One of the city’s most iconic locations, Victoria Memorial is so much more than just a pretty monument. The first place every tourist to the city heads to, the sparkling white marble structure of the Victoria Memorial is absolutely marvellous. Commissioned by Lord Curzon, the then Viceroy of India, the white beauty gets its name since it was designed to commemorate the demise of Queen Victoria back in 1901 (although it wasn’t completed until 20 years after her death). You’ll find this beauty on every Kolkata Instagram page, postcard, travelogue — everywhere! Besides its architectural beauty, there’s a lot to do here.
There are rows of vendors selling everything from ice cream to pav bhaji and phuchkas on both the primary entrances. Sorry to play spoilsport, but it’s not the best idea to get a buggy ride. The horses pulling the carriages are often underfed, overworked and are subject to really harsh conditions. It might seem like a lot of fun to hop on a carriage, but spare a thought for the poor ponies.
It’s said that the VM was built to rival the Taj Mahal. There are a lot of similarities — like the Taj, it is built of white Makrana marble and is a memorial to an empress. The domes, the four subsidiaries, and octagonal-domed chattris are similar in design to the Taj Mahal too.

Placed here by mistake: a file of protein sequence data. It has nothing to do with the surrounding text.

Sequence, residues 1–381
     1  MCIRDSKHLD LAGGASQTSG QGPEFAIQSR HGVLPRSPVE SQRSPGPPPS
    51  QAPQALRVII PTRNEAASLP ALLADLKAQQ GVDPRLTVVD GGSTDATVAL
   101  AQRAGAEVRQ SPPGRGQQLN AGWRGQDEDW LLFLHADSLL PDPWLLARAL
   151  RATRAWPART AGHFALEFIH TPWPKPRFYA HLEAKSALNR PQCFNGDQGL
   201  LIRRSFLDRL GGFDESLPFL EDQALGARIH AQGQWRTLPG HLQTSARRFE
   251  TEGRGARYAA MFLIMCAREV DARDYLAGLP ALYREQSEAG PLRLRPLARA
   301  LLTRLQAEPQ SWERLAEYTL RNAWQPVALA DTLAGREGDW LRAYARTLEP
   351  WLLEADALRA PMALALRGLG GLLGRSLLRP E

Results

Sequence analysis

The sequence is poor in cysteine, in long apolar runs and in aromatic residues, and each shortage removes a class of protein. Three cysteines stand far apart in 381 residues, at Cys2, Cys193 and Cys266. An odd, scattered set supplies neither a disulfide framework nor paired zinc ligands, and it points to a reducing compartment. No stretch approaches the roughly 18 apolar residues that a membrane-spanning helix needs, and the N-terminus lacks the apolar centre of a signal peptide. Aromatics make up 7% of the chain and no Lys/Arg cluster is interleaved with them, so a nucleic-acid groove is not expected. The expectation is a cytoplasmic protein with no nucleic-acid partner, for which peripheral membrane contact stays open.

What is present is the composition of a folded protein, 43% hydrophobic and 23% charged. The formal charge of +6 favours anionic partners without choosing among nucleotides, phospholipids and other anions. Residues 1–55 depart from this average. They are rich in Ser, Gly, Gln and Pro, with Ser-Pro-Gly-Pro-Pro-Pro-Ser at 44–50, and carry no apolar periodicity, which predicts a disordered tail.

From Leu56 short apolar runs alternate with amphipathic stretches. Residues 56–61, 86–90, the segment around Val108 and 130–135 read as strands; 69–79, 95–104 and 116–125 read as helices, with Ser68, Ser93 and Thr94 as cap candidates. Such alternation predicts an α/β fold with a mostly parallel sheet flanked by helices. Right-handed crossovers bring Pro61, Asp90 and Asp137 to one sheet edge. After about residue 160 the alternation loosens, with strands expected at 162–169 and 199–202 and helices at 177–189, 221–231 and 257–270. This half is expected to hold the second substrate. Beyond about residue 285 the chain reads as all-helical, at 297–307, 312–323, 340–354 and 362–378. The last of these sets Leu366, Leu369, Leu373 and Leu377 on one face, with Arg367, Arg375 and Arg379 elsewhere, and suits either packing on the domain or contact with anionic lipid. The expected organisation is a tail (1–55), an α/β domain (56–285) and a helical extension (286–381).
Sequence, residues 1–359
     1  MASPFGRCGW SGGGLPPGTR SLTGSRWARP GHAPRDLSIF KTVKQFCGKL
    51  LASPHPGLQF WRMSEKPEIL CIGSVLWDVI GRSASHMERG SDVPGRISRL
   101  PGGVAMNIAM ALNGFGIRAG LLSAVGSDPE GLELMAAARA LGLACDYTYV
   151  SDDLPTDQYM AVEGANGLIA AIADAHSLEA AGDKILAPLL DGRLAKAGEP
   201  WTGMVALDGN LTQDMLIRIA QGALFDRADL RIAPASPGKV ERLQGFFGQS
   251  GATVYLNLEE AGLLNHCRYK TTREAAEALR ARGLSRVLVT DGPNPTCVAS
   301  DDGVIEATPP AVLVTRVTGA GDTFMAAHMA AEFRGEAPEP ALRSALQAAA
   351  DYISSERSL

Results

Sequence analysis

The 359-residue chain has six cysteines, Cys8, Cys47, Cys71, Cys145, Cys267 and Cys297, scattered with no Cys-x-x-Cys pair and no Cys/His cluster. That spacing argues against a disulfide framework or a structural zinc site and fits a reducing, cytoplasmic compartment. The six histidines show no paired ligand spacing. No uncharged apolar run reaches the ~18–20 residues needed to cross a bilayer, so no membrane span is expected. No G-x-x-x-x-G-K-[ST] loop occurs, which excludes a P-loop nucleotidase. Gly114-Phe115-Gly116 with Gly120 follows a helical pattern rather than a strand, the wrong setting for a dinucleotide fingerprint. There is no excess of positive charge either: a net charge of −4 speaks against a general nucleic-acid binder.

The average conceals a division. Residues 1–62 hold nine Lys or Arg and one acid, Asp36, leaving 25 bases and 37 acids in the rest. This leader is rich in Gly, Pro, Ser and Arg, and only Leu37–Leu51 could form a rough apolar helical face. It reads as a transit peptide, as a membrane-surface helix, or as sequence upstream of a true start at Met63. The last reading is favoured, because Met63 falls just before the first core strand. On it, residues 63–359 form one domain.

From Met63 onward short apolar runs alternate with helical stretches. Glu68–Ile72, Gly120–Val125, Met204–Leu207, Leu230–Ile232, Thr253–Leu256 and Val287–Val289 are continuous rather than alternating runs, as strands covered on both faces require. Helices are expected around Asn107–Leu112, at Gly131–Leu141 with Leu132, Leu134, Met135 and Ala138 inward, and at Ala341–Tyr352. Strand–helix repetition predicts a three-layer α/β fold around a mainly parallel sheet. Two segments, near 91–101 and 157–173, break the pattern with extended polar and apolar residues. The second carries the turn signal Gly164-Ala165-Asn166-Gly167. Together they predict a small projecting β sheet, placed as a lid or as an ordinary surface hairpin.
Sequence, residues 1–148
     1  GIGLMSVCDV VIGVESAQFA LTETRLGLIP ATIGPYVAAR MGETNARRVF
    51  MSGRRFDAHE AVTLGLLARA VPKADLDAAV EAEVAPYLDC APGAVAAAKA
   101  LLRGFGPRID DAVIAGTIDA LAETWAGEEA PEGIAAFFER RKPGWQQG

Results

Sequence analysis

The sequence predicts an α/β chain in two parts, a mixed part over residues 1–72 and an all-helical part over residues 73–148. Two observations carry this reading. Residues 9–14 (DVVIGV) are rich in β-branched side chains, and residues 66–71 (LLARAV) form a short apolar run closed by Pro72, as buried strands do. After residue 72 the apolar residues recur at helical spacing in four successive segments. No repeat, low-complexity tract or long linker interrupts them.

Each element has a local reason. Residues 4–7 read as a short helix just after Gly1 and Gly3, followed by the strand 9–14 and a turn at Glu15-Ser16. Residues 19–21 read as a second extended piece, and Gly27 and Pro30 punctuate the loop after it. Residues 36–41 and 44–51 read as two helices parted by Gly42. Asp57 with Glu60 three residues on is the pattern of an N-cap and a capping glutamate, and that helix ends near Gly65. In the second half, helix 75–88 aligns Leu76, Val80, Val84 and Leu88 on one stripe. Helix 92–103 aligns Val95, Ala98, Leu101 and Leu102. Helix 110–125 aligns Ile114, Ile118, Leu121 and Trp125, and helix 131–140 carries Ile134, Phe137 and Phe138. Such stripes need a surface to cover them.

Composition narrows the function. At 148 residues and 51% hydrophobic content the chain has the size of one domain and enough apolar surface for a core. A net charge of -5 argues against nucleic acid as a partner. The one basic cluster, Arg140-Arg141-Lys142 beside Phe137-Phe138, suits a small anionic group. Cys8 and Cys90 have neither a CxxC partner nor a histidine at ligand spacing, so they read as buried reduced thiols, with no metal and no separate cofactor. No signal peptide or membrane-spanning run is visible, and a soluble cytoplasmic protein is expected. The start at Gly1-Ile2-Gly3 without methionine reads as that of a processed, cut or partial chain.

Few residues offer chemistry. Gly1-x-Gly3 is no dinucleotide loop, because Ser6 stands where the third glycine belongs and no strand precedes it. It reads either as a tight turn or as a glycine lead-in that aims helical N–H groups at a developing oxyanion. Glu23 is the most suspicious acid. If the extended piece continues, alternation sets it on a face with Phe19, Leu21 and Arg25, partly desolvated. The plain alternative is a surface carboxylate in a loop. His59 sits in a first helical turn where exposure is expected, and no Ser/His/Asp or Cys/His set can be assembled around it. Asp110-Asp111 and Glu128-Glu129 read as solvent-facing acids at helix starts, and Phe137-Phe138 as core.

Inside, there’s more to see than you would think. The main attraction is the soaring central chamber. The Calcutta Gallery is an excellent exhibition tracing the city’s colonial-era history. The museum also houses a number of Queen Victoria’s personal items. If you want a snapshot of India’s past particularly during the British era, this is where you need to go.
The VM is ideal to visit in the winter months. In winter, there’s also a sound and light show, much like the one at the Red Fort in Old Delhi. It’s an open-air show that gives you a quick glance into Kolkata’s history. Covering four centuries in a matter of minutes, the newly-improved show is now a digital show with 3D projection on the building.